Your query assumes that private solid waste haulers have a vested property right in contracts to haul waste in annexed areas. Texas courts have long held, however, that "'[a] person operating a business in, under or over the streets, alleys and other public places within an incorporated municipality without a franchise has no property right in the continued use of such premises for conducting his business.'" Alford, 546 S.W.2d at 674 (quoting Brown v. Town of Corinth, 515 S.W.2d 722 (Tex. Civ. App.--Fort Worth 1974, no writ)); see also West Texas Util. Co. v. City of Baird, 286 S.W.2d 185 (Tex. Civ. App.--Eastland 1956, writ ref'd n.r.e.). In City of San Antonio v. Bee-Jay Enterprises, Inc., 626 S.W.2d 802 (Tex. App.--San Antonio 1981, no writ), the court applied this principle to garbage collection and concluded that a company that had hauled garbage under contract with a water supply corporation in an area that was later annexed by the City of San Antonio "had no vested property right in the use of the streets and alleys" of the annexed area to haul garbage. Id. at 804. On the basis of this authority, we believe it is very likely that a court would conclude that a private solid waste hauler company that has collected waste in an area has no vested property right in the collection of waste in the area after it is annexed and thus has no cause of action against the annexing municipality under article I, section 17 or 19.

Finally, it seems unlikely that a court would conclude that the displacement of private solid waste haulers by an annexing municipality constitutes an impairment of contract under article I, section 16. The obligations of a contract are not impaired, within the meaning of this constitutional provision, by a statute in effect when the contract was made. City of Brownsville v. Public Util. Comm'n, 616 S.W.2d 402, 410 (Tex. Civ. App.--Texarkana 1981, writ ref'd n.r.e.) (citing Barton v. Wichita River Oil Co., 187 S.W. 1043 (Tex. Civ. App.--Fort Worth 1916, writ ref'd)). Courts presume that parties to contracts are aware of the law in effect at the time the contracts are executed: It is "considered that [contracts are] executed in full recognition of the law and [are] intended to be subject to or modified by the law's provisions." Id. (citing Winder Bros. v. Sterling, 12 S.W.2d 127 (Tex. 1929); Trinity Portland Cement Co. v. Lion Bonding & Surety Co., 229 S.W. 483 (Tex. Comm'n App. 1921, judgm't adopted)). As noted above, section 364.034 of the Health and Safety Code authorizes a municipality to require persons within its territory to use the solid waste disposal service offered by the municipality and municipalities are authorized under the Local Government Code to enact ordinances regulating solid waste disposal. We believe that a court would conclude that a municipality's exercise of authority under these provisions cannot impair a contract executed subsequent to their enactment.(5)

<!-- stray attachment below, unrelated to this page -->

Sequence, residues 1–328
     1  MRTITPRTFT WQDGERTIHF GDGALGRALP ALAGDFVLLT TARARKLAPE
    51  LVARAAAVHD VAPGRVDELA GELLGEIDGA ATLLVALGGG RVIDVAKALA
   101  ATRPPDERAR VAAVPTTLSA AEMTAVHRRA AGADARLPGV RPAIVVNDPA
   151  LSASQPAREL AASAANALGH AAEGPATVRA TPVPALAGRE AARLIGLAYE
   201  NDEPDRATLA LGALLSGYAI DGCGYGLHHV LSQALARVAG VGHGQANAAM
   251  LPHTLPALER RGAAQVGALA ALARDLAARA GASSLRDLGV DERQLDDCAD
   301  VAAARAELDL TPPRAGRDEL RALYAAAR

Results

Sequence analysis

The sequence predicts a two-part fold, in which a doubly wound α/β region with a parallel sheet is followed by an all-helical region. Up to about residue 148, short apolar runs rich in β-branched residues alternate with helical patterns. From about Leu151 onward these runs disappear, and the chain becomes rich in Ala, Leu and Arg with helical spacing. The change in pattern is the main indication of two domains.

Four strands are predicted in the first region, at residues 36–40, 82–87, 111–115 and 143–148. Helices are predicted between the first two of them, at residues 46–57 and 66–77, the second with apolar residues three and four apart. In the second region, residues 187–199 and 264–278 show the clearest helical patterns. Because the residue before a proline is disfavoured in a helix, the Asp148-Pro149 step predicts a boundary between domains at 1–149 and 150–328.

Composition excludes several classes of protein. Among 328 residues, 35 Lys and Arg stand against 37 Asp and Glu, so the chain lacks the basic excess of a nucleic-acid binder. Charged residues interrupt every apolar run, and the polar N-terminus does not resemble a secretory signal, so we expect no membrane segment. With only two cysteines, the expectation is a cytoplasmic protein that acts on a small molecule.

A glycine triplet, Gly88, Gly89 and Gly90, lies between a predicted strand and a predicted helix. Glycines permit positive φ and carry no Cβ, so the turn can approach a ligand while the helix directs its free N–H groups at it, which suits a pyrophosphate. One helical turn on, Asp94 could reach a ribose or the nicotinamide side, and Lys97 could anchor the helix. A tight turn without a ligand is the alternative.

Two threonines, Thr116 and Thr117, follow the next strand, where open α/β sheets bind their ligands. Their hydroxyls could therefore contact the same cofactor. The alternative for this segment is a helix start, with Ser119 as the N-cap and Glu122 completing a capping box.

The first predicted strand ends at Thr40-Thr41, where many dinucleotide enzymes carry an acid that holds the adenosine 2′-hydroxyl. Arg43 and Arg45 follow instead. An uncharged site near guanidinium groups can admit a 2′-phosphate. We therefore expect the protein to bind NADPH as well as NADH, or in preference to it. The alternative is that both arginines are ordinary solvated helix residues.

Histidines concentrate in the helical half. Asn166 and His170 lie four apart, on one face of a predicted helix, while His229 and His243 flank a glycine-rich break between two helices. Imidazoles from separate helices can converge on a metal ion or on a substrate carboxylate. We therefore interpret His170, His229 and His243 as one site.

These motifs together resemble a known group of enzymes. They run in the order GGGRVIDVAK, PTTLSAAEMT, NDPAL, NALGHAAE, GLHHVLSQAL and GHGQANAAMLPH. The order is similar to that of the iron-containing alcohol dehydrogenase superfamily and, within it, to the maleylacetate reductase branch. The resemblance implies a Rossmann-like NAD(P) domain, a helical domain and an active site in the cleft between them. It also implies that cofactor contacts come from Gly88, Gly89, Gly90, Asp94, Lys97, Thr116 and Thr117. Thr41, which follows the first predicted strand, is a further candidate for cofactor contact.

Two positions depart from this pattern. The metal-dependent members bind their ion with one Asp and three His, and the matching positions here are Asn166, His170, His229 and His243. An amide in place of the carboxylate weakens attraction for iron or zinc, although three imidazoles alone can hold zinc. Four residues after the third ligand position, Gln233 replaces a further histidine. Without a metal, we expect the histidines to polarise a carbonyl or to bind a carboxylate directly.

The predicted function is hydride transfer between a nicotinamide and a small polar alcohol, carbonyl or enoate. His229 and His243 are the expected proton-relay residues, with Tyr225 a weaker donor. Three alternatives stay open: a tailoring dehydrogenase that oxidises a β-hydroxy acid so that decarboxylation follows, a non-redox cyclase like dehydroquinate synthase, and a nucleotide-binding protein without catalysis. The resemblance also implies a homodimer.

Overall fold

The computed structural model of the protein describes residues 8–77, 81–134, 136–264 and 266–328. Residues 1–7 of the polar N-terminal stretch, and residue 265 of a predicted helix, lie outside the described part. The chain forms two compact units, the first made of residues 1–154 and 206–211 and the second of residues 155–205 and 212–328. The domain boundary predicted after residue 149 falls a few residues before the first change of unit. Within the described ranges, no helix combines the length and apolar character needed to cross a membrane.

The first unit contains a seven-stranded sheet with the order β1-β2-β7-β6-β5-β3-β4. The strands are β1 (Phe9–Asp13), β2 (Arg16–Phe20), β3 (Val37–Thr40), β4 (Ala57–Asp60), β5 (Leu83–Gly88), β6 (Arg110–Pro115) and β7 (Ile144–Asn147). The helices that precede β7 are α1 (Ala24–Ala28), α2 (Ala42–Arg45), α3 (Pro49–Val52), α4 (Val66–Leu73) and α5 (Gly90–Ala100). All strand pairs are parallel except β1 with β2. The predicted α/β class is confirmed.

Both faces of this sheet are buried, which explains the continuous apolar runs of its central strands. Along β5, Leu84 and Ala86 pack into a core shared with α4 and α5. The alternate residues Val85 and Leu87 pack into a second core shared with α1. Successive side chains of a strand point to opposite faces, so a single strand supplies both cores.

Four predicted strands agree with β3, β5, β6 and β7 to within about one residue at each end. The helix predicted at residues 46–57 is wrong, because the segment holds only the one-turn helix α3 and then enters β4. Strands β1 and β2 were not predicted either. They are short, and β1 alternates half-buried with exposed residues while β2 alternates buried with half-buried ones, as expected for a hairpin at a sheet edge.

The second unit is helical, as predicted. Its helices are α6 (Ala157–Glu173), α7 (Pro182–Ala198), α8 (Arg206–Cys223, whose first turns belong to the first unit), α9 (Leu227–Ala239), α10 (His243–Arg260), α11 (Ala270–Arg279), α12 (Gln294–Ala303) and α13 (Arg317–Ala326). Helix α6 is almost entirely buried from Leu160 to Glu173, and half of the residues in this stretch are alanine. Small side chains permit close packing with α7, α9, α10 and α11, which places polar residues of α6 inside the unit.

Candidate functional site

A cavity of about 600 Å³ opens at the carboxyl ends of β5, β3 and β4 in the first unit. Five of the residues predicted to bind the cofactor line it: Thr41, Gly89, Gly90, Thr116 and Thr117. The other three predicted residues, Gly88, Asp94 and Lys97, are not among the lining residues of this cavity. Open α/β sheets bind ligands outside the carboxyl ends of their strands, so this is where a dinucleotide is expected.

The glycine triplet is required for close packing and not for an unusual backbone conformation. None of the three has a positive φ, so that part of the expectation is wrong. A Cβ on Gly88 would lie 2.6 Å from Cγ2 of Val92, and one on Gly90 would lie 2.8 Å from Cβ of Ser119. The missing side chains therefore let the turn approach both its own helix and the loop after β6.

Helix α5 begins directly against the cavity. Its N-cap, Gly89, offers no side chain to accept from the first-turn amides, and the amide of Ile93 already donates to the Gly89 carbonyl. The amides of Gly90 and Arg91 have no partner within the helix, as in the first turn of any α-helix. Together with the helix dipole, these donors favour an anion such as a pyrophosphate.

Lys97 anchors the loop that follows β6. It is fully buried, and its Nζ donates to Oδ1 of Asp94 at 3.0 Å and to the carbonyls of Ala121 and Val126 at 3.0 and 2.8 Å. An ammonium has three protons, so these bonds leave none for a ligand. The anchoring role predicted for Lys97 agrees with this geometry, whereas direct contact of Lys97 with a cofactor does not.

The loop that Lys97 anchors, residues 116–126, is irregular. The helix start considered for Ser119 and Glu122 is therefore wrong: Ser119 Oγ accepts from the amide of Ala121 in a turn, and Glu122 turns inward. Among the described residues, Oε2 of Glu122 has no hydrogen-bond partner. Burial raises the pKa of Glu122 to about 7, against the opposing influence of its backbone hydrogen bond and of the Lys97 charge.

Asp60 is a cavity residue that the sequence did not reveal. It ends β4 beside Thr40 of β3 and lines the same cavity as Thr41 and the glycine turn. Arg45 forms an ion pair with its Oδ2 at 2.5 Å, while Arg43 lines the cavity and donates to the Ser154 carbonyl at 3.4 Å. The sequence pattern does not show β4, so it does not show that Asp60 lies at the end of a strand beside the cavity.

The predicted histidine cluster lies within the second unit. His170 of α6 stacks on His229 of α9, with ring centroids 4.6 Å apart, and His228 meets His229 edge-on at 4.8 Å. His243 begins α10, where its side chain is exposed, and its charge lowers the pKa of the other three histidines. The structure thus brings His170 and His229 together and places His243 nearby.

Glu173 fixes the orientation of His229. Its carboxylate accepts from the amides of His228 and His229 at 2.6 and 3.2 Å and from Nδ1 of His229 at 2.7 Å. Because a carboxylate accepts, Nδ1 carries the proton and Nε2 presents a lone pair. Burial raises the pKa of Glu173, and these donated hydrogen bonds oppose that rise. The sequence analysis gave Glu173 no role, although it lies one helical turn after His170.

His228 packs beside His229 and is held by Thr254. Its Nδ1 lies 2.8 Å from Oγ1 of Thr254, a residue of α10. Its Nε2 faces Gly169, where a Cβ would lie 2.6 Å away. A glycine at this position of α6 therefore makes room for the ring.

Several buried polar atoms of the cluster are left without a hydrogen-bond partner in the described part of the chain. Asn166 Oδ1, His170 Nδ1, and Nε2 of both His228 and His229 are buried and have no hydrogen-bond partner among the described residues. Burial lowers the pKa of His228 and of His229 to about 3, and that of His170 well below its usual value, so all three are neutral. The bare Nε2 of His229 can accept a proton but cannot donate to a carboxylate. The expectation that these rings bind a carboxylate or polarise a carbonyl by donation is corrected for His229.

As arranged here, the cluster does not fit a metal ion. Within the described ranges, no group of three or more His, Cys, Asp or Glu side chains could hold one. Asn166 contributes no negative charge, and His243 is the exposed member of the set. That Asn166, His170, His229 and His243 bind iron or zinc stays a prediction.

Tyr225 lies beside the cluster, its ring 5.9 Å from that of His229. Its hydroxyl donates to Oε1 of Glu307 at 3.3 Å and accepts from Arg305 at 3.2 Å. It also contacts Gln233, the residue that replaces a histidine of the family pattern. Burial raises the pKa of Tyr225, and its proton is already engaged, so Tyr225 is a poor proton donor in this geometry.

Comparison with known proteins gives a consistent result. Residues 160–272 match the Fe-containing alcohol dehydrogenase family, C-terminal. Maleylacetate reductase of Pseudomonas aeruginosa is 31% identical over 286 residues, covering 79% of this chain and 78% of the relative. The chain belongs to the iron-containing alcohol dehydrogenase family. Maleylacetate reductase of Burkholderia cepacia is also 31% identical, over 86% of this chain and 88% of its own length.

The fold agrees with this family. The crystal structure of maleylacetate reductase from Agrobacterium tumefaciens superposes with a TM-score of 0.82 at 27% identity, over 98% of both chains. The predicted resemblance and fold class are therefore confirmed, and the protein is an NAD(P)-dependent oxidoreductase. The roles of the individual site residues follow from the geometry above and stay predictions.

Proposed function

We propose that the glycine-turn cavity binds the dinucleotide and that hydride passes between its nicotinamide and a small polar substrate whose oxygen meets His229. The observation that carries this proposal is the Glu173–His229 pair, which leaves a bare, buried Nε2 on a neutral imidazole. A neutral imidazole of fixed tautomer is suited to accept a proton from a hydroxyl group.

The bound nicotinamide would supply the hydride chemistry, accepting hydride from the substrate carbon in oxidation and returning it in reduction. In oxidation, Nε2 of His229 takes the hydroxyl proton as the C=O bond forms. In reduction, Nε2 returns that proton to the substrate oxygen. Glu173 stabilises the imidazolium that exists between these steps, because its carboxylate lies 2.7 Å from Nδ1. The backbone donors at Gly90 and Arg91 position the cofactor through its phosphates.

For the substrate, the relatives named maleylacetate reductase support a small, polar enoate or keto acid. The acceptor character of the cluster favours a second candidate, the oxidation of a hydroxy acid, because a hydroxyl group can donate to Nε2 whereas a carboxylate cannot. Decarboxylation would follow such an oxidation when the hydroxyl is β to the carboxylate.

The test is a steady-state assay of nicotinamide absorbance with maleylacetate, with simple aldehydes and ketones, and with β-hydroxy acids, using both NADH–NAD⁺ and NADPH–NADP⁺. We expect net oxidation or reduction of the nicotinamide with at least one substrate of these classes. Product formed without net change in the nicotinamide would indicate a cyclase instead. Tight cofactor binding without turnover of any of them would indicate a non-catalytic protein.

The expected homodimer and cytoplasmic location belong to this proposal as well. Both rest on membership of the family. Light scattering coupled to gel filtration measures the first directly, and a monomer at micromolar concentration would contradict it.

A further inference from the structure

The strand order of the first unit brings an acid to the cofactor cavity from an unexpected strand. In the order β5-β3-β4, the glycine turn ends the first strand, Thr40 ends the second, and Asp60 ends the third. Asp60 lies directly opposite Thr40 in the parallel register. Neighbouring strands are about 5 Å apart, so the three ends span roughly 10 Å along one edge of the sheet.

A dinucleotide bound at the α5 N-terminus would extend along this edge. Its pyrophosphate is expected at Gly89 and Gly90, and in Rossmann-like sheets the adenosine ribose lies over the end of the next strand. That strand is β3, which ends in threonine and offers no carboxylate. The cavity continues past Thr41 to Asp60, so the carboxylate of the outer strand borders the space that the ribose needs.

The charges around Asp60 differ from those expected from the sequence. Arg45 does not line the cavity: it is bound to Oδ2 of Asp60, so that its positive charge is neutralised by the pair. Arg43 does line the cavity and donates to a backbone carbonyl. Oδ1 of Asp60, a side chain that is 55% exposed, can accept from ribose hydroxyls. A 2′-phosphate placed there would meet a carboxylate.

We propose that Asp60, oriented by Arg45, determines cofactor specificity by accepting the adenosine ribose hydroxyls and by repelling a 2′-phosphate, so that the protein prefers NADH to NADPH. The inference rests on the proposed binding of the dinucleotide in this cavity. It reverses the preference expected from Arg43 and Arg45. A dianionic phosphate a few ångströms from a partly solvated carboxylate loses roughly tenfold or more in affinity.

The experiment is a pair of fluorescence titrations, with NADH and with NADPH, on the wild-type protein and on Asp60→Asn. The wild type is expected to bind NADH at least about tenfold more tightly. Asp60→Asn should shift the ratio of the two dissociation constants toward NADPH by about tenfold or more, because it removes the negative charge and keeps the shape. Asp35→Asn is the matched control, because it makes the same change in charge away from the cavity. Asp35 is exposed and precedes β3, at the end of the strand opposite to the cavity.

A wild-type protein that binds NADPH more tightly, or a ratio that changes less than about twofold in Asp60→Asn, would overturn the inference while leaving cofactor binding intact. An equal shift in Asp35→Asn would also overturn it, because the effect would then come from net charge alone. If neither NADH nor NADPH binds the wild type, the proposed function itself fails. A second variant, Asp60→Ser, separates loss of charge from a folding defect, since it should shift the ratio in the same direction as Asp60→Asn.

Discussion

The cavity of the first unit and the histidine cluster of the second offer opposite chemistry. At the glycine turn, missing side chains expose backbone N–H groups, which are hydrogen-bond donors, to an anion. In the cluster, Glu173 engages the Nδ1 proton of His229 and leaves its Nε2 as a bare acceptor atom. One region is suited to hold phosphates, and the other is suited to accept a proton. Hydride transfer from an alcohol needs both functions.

Municipalities' authority to enact and enforce health and safety ordinances predates this provision. See Attorney General Opinion DM-401 at _ (noting that Health and Safety Code, section 364.034 codifies some of cities' powers over the collection and disposal of solid waste). (6)



1. "No person's property shall be taken, damaged or destroyed for or applied to public use without adequate compensation. . . ." Tex. Const. art. I, § 17.

2. "No citizen of this State shall be deprived of . . . property . . . except by the due process of law." Id. § 19.

3. "No . . . law impairing the obligation of contracts, shall be made." Id. § 16.

4. See Health & Safety Code § 364.003(3) (defining "public agency").

5. The statutory predecessor to Health and Safety Code section 364.034 was enacted in 1971.

6. Act of May 29, 1971, 62d Leg., R.S., ch. 516, 1971 Tex. Gen. Laws 1757, 1757. Municipalities' authority to enact and enforce waste-collection health and safety ordinances predates this provision. See City of Breckenridge v. McCullen, 258 S.W. 1099  (Tex. Civ. App.--Fort Worth 1923, no writ) (concluding that it is within police power of city to enact ordinance regulating garbage collection); Attorney General Opinion DM-401 at 3 (noting that Health and Safety Code, section 364.034 codifies some of cities' powers over collection and disposal of solid waste).

Texas OAG home page | Opinions & Open Government